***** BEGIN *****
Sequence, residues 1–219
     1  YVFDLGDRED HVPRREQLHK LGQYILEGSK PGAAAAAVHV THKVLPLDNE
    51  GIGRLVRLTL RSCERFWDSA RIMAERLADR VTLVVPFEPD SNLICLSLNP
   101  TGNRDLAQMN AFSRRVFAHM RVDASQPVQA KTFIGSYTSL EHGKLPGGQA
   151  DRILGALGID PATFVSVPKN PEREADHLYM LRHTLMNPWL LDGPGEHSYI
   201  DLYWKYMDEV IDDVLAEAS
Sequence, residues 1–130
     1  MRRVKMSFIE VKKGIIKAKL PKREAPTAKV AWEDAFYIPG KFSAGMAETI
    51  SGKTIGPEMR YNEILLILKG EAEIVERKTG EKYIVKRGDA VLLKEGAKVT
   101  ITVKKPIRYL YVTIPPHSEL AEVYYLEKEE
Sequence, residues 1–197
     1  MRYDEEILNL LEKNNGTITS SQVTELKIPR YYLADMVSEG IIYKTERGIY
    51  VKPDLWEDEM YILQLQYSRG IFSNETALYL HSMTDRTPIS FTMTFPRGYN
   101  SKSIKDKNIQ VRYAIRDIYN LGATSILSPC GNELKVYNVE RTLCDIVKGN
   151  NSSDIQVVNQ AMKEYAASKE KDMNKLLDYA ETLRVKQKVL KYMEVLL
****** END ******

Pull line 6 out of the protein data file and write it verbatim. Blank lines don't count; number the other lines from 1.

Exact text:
   201  DLYWKYMDEV IDDVLAEAS